Hillary Clinton continued to campaign hard in New Hampshire on Sunday, joined onstage by folk legend and New England native James Taylor, as well as Trump’s perhaps most well-known adversary, gold-star parent Khizr Khan.
Khan addressed Trump directly in his remarks:
“Donald Trump, would my son, Capt. Humayun Khan, have a place in your America? Would Muslims have a place in your America? Would Latinos have a place in your America? Would African Americans have a place in your America? Would anyone who isn’t like you have a place in your America?”
Khan’s son, U.S. Army Captain Humayun Khan, was killed while serving in Iraq in 2004. The father became an outspoken opponent of Trump, and a target of Trump’s vitriol after Khan appeared at the Democratic National Convention.
Clinton has been campaigning tirelessly in New Hampshire, a vital battleground state. On Monday, President Obama will fly to the state to lend his support.
The Clinton campaign also chose Sunday to release a new video featuring Gordon Humphrey, the former Republican senator from New Hampshire, saying that he will “vote against Trump.”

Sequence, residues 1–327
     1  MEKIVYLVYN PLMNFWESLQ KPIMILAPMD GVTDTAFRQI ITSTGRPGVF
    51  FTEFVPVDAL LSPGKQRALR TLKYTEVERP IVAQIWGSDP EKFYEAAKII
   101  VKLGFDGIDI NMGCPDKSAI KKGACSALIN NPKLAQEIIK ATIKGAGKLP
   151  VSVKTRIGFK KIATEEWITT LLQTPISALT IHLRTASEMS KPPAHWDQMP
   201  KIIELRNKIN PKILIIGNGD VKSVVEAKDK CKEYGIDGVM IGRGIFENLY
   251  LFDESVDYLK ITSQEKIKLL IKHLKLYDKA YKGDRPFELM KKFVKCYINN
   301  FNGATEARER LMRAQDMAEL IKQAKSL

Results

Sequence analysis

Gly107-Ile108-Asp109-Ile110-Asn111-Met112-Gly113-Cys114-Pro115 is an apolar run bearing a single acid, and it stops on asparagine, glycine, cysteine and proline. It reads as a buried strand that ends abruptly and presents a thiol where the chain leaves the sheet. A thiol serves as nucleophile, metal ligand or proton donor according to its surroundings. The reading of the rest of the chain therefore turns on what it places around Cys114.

Humphrey’s opposition to Trump shouldn’t come as much of a surprise. He was one of 30 Republicans who signed a letter questioning Trump’s suitability for office last month, and in an article for CNN, Humphrey vowed to quit the party if Trump wins the White House.
Words of support for a Democrat would have been all but unimaginable from the arch-conservative former senator until recently. Since leaving government in 1990, Humphrey has remained outspoken in his support of Republicans, and he even praised the tea party during its ascendance.
In the ad, Humphrey calls Trump “not normal,” says Trump will “get us into a nuclear war,” and urges voters to support Clinton “for the sake of our families’ safety.”
“On Tuesday, millions of lifelong Republicans will vote against Donald Trump,” he says. “I’m one of them.”
The urgency in his voice may have something to do with the fact that Clinton’s lead in the state has shrunk to almost nothing in the past few weeks.
Khan wrapped up his speech on a more hopeful note — at least for Clinton supporters — with an answer to his own questions: “Thankfully, Donald Trump, this isn’t your America.”